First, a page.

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ciency, its motion will be checked and enfeebled: the brain Gen. VI.
Spec. I. and respiratory organs will participate in the debility, and si syncope be a frequent result. And hence, we may account simplex.
Swooning. for the fainting that frequently takes place on the com
flow in an mencement, and sometimes on the close of venesection. equal and On tying the arm for this purpose, a considerable stream uniform
stream. of supply is cut off, and ten ounces of blood flows, in
1 Whence perhaps five minutes, into a bason, which would other- swooning in wise have flowed into the heart in the same period of time. ve
as well when The volume of blood is hence diminished, and the heart the blood
first flows must collapse or contract itself in proportion. In many
my from the habits this is done with great facility: but in others, and puncture, as particularly where there is a feeble supply of motific or
ligature is irritative power, the contraction takes places slowly and removed. irregularly, and with a considerable degree of flutter, or, as we have already explained it, clonic spasm ; and fainting or a temporary failure of sensation, is the necessary consequence: during which the alternating systole is very feeble, and the blood ceases to flow at the puncture. This effect is ordinarily ascribed to a loss of the stimulus of distention, and there may be some degree of truth in such an explanation. But that there is a something beyond this is certain, because on removing the ligature from the arm this stimulus is once more obtained; for the blood, instead of flowing away at the venous orifice, now takes its proper course, and flows back to the heart. Yet we see almost as often a syncope produced at this moment, and consequently by a renewal of the distention, as by an interruption of it. The fact is, that the heart, which by this time has accommodated itself to the diminished volume of the returning current, has now once more to change its diameter, and to expand itself in proportion to the increased measure and momentum of the inflowing tide. And as a change in its diameter produced a syncope in the former case, a change in its diameter in like manner produces it in the latter.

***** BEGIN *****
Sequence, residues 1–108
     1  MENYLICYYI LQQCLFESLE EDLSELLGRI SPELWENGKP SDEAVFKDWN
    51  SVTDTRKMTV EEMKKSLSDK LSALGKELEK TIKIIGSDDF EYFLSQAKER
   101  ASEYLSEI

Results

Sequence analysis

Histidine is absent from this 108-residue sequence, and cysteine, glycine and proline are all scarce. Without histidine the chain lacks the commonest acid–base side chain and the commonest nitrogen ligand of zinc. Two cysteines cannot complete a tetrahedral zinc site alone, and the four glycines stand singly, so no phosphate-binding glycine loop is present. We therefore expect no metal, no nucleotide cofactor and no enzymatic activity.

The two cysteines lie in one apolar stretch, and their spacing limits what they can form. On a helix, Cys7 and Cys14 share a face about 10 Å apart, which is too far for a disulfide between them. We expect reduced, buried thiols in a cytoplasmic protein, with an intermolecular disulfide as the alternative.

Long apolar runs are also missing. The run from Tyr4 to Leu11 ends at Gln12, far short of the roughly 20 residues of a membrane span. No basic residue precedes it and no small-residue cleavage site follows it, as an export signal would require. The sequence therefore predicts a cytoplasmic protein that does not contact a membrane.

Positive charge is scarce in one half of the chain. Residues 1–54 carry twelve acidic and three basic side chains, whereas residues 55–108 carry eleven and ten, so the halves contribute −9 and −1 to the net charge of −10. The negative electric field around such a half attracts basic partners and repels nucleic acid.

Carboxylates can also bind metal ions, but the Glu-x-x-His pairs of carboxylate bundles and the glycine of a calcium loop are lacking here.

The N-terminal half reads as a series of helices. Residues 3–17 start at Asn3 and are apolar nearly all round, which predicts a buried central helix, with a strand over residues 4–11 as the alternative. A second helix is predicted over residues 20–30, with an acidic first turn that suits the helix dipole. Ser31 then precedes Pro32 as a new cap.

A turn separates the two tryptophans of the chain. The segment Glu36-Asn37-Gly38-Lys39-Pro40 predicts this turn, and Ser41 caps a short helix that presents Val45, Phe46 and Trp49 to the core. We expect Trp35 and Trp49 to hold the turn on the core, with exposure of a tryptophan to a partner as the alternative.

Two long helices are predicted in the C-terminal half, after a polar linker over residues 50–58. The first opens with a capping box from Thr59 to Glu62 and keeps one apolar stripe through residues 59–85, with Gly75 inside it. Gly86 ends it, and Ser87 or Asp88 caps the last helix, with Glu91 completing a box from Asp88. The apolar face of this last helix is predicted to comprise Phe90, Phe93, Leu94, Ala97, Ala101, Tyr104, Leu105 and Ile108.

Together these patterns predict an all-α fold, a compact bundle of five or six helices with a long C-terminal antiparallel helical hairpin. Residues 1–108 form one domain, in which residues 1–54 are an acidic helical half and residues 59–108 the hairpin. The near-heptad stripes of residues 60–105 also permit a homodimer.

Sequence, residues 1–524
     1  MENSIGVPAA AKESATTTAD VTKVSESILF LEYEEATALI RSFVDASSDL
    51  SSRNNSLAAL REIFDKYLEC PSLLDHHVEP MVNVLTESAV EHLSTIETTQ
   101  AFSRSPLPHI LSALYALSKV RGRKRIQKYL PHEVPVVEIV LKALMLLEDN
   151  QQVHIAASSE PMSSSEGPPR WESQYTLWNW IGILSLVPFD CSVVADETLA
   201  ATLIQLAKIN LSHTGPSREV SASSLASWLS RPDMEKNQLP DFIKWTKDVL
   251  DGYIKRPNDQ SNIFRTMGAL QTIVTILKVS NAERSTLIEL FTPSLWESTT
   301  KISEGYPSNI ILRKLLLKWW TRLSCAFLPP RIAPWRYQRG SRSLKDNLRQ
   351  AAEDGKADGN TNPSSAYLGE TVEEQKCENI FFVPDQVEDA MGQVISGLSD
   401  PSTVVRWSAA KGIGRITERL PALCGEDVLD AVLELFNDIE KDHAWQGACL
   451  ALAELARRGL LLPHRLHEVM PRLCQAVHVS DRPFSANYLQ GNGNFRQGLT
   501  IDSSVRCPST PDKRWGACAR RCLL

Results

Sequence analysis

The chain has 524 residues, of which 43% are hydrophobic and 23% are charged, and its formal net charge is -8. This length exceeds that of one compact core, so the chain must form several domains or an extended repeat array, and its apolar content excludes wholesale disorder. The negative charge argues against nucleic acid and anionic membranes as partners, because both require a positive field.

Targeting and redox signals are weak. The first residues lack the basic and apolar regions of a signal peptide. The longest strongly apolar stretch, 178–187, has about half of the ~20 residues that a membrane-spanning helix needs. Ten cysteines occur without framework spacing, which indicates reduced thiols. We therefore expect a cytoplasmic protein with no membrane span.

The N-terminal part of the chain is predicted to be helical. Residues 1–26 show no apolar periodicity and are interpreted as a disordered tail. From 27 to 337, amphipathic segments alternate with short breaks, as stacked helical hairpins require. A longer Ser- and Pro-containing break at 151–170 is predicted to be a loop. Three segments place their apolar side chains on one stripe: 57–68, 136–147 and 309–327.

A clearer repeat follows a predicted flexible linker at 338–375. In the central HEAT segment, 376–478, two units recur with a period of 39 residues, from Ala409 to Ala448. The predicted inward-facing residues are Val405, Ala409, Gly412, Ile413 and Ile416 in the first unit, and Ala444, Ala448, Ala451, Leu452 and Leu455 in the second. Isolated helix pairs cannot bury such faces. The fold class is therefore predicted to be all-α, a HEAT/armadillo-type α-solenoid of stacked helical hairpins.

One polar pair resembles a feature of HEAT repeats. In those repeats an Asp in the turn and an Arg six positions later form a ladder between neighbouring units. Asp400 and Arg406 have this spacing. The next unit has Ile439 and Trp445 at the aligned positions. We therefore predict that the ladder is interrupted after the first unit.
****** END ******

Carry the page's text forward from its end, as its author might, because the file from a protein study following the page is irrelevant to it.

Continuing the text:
For the same reason we may see swooning take place Whence when any extensive range of blood vessels that have been
opening . pressed upon by any other means, suddenly acquire a large abe
power of dilatation, as when a large cavity is formed in sc
Ted; and oled, or cherom the bus
Gen. VI. the abdomen by the process of tapping for an ascites, of Spec. I.
to on opening an extensive abscess in any other quarter. simplex. But the flow of sensorial power from the brain may
ooning also be suddenly exhausted, or checked, or perhaps its on tapping in dropsies. secretion impaired ; and syncope may ensue from this Syncope source, the action of the heart being diminished not prialso if there
marily, but secondarily, or by sympathy with the state be not a regular sup- of the sensorium. In fainting, from entonic passions or ply of sen
r. emotions, as a sudden shock of vehement joy, the sensorial
om Hence power is perhaps abruptly expended, as also in severe fainting
pain t. In fainting, under the influence of the atonic pasmental emo- sions, as fear or heart-sick grief, this power is unquestion
ably checked in its regular flow, and probably checked also severe pain. Fainting
" in its secretion : as we have reason to believe it is where
in from par. fainting occurs from a repulsion or retrocession of gout, ticular
exanthems, or various other discases. And to the same cause may be referred those cases of swooning, which, in some idiosyncrasies, or indispositions of body, are well known to take place on exposure to particular odours, as those of cheese, apples, or, as we have already had occasion to observe, of roses, lilies, and other fragrant plants. Where it has followed instantly upon acrid poisons, there can be no doubt that these have induced a rigid or entastic spasm upon the muscular fibres of the heart; and, where the poisons are purely narcotic, the living or instinctive stimulus is suddenly extinguished or carried off, and the nervous system becomes an exhausted receiver.
Syncope then, in its simple state, as unconnected with any structural disease of the heart or its adjoining vessels, seems to appear under the following modified forms or varieties : a Inanitionis
The swooning produced by faSwooning from in tigue, long-fasting, or a sudanition,
den and excessive discharge of any fluid, whether natural or morbid, accompanied with
odours in certain idiosyncrasies.
• Meckel, Epist. ad Hallen. Script. Vol. 11. Eph. Nat. Cur. Dec. II. Ann. v. Obs. 53.
+ Amat. Lusitan. Cent, 11. Cur. 1. Plater, Observ. II. p. 431,
a sense of inanition, and great Gen. VI.
Spec. I. prostration of strength.
Syncope B Doloris.
Preceded by severe pain or ir- simplex. Swooning from acute ritation of body, internal, as pain.
from poisons, flatulency, or worms; or external, as from
wounds or other injuries. g Pathematica. Preceded by an exercise of Swooning from men- some sudden and overwhelmtal emotion.
ing passion or emotion. 8 Metastatica.
Accompanied with a retrocesSwooning from me- sion or repulsion of gout, extastasis.
anthems, or other diseases. The degree and duration of the paroxysm depend upon Degree and the peculiarity or the violence of the cause, the extent of i